Space assets and technologies for bushfire management

Zoe Silverstone, Dharshun Sridharan, Samantha Page, Nipuni Silva, Travis Holland, Toby Rady, Kaja Antlej, Sami Raines, Andy McGarry

Research output: Other contribution to conferencePresentation only


The 2019-20 East Australian bushfires demonstrated the financial, emotional and ecological impacts of bushfires. This paper presents the findings from a cross-disciplinary investigation into the potential use for space assets and technologies in the effective prediction and mitigation of bushfires and communicating risks and impacts to communities. For the purposes of this report, the Australian case study is primary, but the recommendations hold broad international applicability.
Three geophysical components determine bushfire behavior — fuel, topography and weather. Earth Observation data of each component is essential for accurate bushfire prediction. Satellites provide volumes of data informing weather and climate prediction models to improve forecast lead times. Satellite sensors can detect land cover, weather, fuel load and fuel moisture content. Most fires start by lightning strikes (82%) which can be predicted using satellite infrared imagery to determine cloud top temperatures. Light Detection and Ranging (LiDAR) shows topography. Adequate communication of this information to authorities and communities is vital.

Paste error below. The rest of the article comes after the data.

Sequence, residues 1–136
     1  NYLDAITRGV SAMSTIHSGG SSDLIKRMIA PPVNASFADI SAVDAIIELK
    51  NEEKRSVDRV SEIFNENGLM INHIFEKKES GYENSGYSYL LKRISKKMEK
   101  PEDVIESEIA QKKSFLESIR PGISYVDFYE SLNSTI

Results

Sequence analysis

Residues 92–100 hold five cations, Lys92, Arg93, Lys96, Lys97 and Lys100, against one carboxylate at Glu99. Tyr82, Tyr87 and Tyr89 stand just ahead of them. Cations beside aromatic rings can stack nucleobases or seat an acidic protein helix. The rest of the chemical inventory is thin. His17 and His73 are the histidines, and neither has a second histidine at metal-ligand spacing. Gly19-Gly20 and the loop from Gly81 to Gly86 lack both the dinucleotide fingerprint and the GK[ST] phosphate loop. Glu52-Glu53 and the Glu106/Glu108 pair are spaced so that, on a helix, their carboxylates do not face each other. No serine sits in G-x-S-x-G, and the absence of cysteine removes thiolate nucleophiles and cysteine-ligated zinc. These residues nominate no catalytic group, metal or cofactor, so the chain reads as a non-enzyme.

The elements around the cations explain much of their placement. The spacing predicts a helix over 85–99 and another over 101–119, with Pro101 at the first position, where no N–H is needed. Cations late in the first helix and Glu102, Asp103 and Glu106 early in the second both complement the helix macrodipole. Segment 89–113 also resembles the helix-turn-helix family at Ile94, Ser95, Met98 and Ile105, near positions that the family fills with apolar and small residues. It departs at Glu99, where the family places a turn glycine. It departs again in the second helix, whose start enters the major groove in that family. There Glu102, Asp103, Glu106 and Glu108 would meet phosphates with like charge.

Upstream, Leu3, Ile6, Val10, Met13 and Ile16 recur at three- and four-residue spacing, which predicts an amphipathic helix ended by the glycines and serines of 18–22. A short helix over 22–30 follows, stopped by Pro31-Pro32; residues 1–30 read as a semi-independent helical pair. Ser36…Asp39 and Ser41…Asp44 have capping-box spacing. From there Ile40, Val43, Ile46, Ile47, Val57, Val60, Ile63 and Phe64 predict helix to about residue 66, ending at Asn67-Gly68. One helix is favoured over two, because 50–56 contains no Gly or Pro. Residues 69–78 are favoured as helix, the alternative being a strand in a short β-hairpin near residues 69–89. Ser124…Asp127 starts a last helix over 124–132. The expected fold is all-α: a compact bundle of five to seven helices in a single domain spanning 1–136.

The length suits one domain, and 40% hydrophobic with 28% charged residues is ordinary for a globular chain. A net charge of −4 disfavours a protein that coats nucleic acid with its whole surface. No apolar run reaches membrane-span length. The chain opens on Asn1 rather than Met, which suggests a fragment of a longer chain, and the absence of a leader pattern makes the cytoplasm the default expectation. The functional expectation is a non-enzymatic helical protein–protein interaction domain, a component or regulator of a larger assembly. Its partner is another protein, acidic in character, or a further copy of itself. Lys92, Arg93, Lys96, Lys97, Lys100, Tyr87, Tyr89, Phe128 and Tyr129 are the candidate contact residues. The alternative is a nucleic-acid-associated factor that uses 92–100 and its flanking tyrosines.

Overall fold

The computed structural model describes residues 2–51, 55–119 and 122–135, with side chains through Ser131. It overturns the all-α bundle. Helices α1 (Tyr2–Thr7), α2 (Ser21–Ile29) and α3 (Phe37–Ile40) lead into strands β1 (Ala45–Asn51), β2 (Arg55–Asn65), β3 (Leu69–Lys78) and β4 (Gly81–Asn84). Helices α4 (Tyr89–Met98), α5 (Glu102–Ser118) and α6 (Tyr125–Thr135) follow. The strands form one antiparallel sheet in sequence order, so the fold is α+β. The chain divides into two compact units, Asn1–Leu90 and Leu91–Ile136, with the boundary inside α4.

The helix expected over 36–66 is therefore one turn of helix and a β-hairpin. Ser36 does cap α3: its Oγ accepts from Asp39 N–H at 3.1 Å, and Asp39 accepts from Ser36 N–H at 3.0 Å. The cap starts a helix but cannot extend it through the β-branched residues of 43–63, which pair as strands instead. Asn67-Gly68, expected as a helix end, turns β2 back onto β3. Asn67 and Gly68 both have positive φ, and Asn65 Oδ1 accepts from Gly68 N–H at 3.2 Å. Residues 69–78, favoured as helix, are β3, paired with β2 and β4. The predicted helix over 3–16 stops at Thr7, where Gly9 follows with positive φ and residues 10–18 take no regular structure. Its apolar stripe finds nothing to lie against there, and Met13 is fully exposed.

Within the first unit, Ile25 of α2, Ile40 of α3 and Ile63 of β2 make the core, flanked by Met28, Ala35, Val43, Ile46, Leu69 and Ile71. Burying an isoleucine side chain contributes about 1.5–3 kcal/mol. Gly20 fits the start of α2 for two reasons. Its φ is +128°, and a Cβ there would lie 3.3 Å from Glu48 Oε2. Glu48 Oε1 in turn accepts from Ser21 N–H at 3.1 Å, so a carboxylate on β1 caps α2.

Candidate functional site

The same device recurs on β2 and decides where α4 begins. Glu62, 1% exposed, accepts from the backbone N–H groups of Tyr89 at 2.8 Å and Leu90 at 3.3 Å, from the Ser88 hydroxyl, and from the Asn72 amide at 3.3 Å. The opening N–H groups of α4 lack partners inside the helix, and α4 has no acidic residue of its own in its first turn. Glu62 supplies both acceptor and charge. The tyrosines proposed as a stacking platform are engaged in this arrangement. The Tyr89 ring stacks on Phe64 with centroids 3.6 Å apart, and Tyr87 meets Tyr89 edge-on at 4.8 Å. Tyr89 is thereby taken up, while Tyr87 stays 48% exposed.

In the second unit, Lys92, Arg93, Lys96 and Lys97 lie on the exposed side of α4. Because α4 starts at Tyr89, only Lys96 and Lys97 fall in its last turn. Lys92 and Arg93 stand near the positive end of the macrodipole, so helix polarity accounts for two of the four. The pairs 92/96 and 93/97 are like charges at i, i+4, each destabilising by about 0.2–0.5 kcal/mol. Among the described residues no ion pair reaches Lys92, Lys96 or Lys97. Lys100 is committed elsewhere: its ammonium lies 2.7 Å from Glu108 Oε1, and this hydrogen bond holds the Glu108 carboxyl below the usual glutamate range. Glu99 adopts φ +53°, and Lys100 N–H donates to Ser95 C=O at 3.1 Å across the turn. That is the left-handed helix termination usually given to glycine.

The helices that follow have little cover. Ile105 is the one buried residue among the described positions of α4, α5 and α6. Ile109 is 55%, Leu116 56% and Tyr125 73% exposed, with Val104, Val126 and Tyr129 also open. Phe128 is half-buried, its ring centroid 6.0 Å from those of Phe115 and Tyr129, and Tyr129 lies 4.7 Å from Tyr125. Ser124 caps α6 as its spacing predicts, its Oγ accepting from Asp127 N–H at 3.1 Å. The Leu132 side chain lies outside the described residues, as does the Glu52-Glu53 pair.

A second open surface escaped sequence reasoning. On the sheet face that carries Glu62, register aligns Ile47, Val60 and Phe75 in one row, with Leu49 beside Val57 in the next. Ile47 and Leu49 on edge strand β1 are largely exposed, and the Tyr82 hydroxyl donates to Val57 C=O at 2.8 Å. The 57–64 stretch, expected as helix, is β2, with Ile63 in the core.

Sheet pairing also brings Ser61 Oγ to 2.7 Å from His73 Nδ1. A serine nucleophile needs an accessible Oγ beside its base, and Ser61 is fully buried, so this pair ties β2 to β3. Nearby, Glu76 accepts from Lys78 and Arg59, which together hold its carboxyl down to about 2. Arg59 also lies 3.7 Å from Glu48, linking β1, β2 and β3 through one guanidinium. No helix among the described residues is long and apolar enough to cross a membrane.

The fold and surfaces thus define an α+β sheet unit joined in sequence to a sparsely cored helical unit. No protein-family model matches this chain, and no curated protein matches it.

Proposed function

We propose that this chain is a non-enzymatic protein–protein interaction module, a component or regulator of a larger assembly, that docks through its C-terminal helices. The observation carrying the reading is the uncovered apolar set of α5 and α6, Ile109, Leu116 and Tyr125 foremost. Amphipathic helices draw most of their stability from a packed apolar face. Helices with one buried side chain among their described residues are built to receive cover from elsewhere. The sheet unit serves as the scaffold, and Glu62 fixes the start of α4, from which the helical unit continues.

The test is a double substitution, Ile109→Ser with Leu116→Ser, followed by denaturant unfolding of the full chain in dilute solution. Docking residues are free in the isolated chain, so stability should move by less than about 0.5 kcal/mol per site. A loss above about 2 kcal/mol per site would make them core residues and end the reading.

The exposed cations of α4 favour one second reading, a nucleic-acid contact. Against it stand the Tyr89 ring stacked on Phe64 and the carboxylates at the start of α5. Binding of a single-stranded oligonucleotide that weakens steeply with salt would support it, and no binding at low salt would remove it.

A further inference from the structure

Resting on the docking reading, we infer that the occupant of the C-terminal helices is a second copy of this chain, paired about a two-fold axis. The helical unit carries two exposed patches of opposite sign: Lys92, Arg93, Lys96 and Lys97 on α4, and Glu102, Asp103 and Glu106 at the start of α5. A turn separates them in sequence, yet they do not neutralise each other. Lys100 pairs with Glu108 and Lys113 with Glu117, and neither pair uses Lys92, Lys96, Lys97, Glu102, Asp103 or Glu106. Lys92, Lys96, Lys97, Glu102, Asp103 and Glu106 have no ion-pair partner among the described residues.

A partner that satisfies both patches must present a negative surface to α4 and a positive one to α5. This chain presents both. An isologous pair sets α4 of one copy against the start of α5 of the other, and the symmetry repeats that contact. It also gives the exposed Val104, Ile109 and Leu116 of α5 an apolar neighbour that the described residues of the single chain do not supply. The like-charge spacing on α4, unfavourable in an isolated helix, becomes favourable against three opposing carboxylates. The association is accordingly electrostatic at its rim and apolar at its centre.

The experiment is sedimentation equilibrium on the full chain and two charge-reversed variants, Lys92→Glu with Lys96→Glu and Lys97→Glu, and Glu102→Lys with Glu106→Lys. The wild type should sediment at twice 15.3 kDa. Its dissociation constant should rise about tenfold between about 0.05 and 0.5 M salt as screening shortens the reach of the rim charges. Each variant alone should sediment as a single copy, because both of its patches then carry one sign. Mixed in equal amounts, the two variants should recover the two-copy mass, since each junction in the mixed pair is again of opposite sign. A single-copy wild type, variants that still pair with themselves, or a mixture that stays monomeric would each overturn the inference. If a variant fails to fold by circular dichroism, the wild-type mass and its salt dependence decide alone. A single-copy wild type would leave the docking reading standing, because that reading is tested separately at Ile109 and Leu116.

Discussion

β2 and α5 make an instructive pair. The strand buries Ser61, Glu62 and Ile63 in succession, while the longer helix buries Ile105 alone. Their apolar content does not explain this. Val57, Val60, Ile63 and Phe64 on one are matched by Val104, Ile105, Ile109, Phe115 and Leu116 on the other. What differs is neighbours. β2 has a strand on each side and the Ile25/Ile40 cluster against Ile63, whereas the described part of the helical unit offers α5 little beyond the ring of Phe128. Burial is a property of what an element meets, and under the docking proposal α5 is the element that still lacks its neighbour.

Effective use of prediction models can allow targeted hazard reduction methodologies. However, a major limitation is the storage capacity and computational power required for data-storage and high-resolution modeling. Firefighter safety could be improved by use of protective clothing modeled on astronaut space suits and reinforcing fire trucks with thermal protective materials used on spacecraft. An interoperable national communications infrastructure is needed to enable rapid sharing of information and resources with emergency responders and citizens across jurisdictions. Direct satellite-to-mobile phone emergency communication systems ensure a suitable failsafe if ground-based infrastructure is damaged.
Space assets and technologies hold great potential for an innovative and coordinated response to the challenges presented by bushfires.
Original languageEnglish
Publication statusPublished - Oct 2021
EventInternational Astronautical Congress - Dubai, United Arab Emirates
Duration: 25 Oct 202129 Oct 2021
Conference number: 72


ConferenceInternational Astronautical Congress
Abbreviated titleInspire, Innovate and Discover for the Benefit of Humankind
Country/TerritoryUnited Arab Emirates
Internet address


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